The press has been quick to play up pundits’ predictions of PRISM’s walloping of the cloud-computing industry. But new evidence suggests the fallout might not be as pervasive as it might seem.
DigitalOcean, an Infrastructure-as-a-Service (IaaS) provider based in New York, is reporting that it has deployed more than 500,000 virtual servers, or “droplets” in company parlance. The number was at 514,558 on Monday, running on about 5,000 physical servers, said Ben Uretsky, DigitalOcean’s chief executive and a cofounder.
The company has come a long way even since January, when it had 15,637 virtual servers, according to internal figures it shared with VentureBeat. And the company now boasts more than 50,000 customers and picks up 600 new ones each day, Uretsky said.
“We feel very confident that the model we created works,” he said.
Don’t get the wrong idea, though. DigitalOcean isn’t among the top cloud providers.
It’s infrastructure footprint is tiny in comparison with those of Microsoft (1 million physical servers), Google (bigger than Microsoft according to Microsoft chief executive Steve Ballmer’s recent comments), Amazon (“a little bit smaller” than Microsoft, Ballmer said), and Rackspace (98,884 servers deployed as of June 30, according to the company’s latest quarterly filing to the Securities and Exchange Commission).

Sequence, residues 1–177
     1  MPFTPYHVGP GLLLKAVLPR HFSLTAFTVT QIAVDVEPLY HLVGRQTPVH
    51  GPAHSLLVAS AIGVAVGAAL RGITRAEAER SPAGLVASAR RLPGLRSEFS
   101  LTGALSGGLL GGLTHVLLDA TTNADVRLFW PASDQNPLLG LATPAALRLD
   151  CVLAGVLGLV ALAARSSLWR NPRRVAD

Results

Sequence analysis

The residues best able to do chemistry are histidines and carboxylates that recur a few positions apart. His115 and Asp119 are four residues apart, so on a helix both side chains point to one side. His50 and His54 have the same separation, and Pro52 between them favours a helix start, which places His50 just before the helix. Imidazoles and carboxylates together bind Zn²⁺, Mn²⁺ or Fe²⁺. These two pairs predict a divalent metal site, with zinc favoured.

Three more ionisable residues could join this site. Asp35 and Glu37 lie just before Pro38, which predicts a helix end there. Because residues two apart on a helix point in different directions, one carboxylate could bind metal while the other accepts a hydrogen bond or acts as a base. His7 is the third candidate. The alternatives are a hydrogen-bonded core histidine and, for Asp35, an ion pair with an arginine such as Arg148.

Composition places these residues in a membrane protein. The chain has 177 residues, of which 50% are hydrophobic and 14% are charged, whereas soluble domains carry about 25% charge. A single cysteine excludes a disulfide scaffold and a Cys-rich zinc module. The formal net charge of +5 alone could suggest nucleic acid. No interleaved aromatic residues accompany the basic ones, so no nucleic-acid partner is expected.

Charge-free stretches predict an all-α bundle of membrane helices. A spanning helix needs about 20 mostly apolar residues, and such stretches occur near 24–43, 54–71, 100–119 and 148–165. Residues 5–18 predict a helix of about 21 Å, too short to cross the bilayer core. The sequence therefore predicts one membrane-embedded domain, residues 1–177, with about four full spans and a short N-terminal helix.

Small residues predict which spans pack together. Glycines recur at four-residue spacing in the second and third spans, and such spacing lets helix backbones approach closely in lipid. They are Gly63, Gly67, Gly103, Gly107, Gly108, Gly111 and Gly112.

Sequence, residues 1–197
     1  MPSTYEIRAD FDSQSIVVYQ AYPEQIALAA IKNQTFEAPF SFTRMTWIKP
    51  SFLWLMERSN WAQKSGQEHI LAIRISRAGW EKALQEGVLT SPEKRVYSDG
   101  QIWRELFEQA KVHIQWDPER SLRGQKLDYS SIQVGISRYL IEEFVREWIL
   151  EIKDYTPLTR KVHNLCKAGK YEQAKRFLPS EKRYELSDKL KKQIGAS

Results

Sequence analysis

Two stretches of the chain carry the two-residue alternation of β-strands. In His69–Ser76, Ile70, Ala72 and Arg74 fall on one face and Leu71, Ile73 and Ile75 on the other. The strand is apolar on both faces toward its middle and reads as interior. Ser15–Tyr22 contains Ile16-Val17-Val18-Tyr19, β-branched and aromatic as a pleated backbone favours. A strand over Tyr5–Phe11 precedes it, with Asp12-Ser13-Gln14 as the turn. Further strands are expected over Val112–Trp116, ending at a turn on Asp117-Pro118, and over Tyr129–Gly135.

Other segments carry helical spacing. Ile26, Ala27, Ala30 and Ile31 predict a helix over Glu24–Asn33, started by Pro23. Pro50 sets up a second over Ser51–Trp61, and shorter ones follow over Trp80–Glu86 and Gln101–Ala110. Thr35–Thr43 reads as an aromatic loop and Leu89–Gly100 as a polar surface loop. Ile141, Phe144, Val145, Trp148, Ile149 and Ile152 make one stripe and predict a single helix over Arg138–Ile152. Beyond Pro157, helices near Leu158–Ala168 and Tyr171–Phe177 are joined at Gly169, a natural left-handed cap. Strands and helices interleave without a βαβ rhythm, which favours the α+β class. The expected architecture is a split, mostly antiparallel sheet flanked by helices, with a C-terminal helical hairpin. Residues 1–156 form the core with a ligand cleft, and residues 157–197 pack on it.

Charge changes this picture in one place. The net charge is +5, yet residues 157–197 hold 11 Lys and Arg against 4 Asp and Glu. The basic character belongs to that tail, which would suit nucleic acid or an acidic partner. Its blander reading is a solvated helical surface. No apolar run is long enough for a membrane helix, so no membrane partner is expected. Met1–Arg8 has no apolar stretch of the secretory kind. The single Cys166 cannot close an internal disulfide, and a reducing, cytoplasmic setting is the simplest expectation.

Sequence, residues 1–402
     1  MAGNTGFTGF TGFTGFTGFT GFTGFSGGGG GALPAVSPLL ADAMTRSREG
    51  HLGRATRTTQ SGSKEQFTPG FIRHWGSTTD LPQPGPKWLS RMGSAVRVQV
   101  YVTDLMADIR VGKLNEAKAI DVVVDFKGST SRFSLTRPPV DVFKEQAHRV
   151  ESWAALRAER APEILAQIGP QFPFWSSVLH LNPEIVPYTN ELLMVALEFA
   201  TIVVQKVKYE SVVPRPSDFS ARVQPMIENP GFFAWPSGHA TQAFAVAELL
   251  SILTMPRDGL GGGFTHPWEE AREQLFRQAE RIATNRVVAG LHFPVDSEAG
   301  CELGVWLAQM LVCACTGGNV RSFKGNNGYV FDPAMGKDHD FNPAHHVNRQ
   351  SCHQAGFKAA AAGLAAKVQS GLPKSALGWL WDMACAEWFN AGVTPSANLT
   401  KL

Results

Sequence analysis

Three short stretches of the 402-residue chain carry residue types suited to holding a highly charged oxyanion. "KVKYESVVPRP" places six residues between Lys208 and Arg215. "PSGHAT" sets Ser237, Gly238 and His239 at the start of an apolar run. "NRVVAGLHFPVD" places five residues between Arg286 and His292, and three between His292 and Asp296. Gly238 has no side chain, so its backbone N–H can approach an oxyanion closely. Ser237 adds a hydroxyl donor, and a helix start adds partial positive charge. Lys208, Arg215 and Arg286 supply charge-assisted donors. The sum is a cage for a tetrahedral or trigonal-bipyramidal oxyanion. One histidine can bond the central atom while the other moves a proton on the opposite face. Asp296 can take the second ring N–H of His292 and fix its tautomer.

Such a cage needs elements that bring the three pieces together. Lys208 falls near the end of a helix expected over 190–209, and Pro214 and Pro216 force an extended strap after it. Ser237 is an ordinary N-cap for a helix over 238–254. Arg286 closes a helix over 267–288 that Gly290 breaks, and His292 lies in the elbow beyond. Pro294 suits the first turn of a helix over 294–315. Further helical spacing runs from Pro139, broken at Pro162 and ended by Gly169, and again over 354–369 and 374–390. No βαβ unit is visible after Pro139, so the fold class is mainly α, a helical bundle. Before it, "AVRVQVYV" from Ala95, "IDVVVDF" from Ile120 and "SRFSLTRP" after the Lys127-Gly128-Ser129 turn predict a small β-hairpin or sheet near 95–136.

That’s OK, because even small-scale growth is still growth. You’ve got to start from somewhere. At this point, Uretsky isn’t trying to chase enterprise accounts. He’s focused on developers above all else. And indeed, more are signing up for DigitalOcean’s brand of shared infrastructure backed by fast-acting solid-state storage, starting at $5 per month.
And this despite the much cited cloud heebie-jeebies companies are supposed to be feeling in the wake of reports on the National Security Agency’s PRISM program, which one-time NSA contractor Edward Snowden has been leaking in cooperation with various media outlets this year.
“I have not heard of any direct impact for U.S. businesses from the people that I speak with, nor have we seen a direct impact in our business in relation to that security incident,” Uretsky said. “So it’s certainly, I think, at the top of people’s minds, but it has not changed their buying behavior just yet.”
The company is riding high on $3.2 million in new venture funding from IA Ventures, CrunchFund, and TechStars. It recently added private networking features and seeks to add load balancing, object storage, content-delivery network capabilities and IPv6 support, as well as presence in Asia, Uretsky said.
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